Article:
Day one of any America’s Cup match is by far the most important.
That’s because it casts aside all the rumour, speculation and predictions to answer one vital question: Which boat is faster?
Elsewhere however, things may take a bit more time to emerge, particularly with Team New Zealand, the defenders.
Not so the challengers Luna Rossa in my opinion however.
The Italians will come out with all guns blazing tomorrow. They want a fight.
Luna Rossa’s helmsmen Jimmy Spithill and Francesco Bruni will go straight for the jugular.
It’s no accident that one of Spithill’s favourite forms of fitness training is boxing. He loves a fight – the close quarters punch and counterpunch – of match racing.
Luna Rossa’s aggressive style, where they seek to dominate their opponent, reflects the Spithill personality.
Luna Rossa have developed a really trust worthy boat and the confidence to push it hard. It will be all on from the get-go.
In contrast, Team New Zealand’s Peter Burling is a laid back character. He is hugely talented, fiercely competitive, but has no interest in the mind games or Spithill’s battle-to-the-death type of mindset.
Burling is the three Cs – cool, calm and collected. He aims to get the boat in the groove and sail fast, smart, thus letting the results do the talking.
It’s a great match up of contrasting personalities.
The Kiwi team will be desperate to guard against any optimism around Te Rehutai’s predicted speed advantage creeping into their thinking.
TNZ’s experienced leaders know that assumption is the mother of all stuff ups at any elite sporting level.
Self-confidence and belief yes, but arrogance can create blind-spots which cause your downfall.
TNZ’s boat Te Rehutai is fast, but to assume she will win easily is not the right way to approach this regatta, particularly given the wind forecast.
The models available to the two teams have all been predicting between 10-13 knots from the north to north-west for races one and two.
In Auckland, this wind-direction is typically unstable with some clouds bringing increased wind in advance (especially if they bring rain with them) and lulls behind.
In addition, the wind direction on Course area A off the East Coast Bays – where I expect the initial races to be – shifts a lot.
Sometimes the wind tends to follow along the shoreline. But at other times they can shift left and tend to come off the shore, following the geography of the valleys and beaches between the headlands.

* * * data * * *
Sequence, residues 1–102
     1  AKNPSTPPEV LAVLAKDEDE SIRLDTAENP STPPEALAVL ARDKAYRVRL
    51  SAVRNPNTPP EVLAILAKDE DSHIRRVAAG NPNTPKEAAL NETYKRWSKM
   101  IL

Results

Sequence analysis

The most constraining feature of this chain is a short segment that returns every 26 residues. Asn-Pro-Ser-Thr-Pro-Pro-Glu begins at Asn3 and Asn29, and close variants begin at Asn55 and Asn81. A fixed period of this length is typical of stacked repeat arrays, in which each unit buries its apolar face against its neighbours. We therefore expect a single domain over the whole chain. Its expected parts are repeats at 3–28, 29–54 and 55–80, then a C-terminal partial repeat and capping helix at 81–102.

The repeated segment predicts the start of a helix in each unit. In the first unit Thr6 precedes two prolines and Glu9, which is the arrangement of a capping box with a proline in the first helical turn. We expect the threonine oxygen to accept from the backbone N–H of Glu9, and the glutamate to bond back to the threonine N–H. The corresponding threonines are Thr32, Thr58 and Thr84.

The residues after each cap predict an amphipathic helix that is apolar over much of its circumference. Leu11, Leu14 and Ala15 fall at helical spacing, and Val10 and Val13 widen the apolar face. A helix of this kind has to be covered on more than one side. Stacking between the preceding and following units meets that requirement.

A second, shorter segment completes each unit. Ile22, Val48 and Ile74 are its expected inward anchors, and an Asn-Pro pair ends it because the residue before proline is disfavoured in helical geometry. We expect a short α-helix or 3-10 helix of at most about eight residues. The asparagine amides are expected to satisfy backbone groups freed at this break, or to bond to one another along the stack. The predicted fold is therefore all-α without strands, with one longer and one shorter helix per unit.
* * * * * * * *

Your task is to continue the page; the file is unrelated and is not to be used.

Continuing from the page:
In these wind conditions yacht racing can be a game of snakes and ladders. It will be tricky to get it right tactically.
Latch onto a puff and you are launched with a big increase in boat-speed and a better angle to the mark. Conversely, a lull means the boat’s bow has to be turned away from the direction of the mark and the boat-speed slows.
Foiling yachts exacerbate the differences caused by this puffy and shifty wind scenario. It will be, as the saying goes in sailing, a head out of the boat day. Avoiding the lulls will be critical.
They will be tactical races demanding good adjustments according to the conditions. Find the ladders and avoid the snakes.
Park the arrogance. Assume nothing. Get into your race mind-set. Trust your preparation, and trust your team-mates. Sail smart, sail fast, manage the risks and stay composed. Focus on those things, not the outcomes.
Which is all very easy to say (or write), but much harder to do. That’s why elite sport is so compelling.
This day has been a long-time coming. Let’s enjoy it.
Professor Mark Orams is a former NZ and world champion sailor, Team New Zealand member, author, environmentalist and Professor of Sport and Recreation at the Auckland University of Technology.
Heading into the Cup racing?
• Give yourself plenty of time and think about catching a ferry, train or bus to watch the Cup.
• Make sure your AT HOP card is in your pocket. It’s the best way to ride.
• Don’t forget to scan QR codes with the NZ COVID Tracer app when on public transport and entering the America’s Cup Village.
• For more ways to enjoy race day, visit at.govt.nz/americascup.
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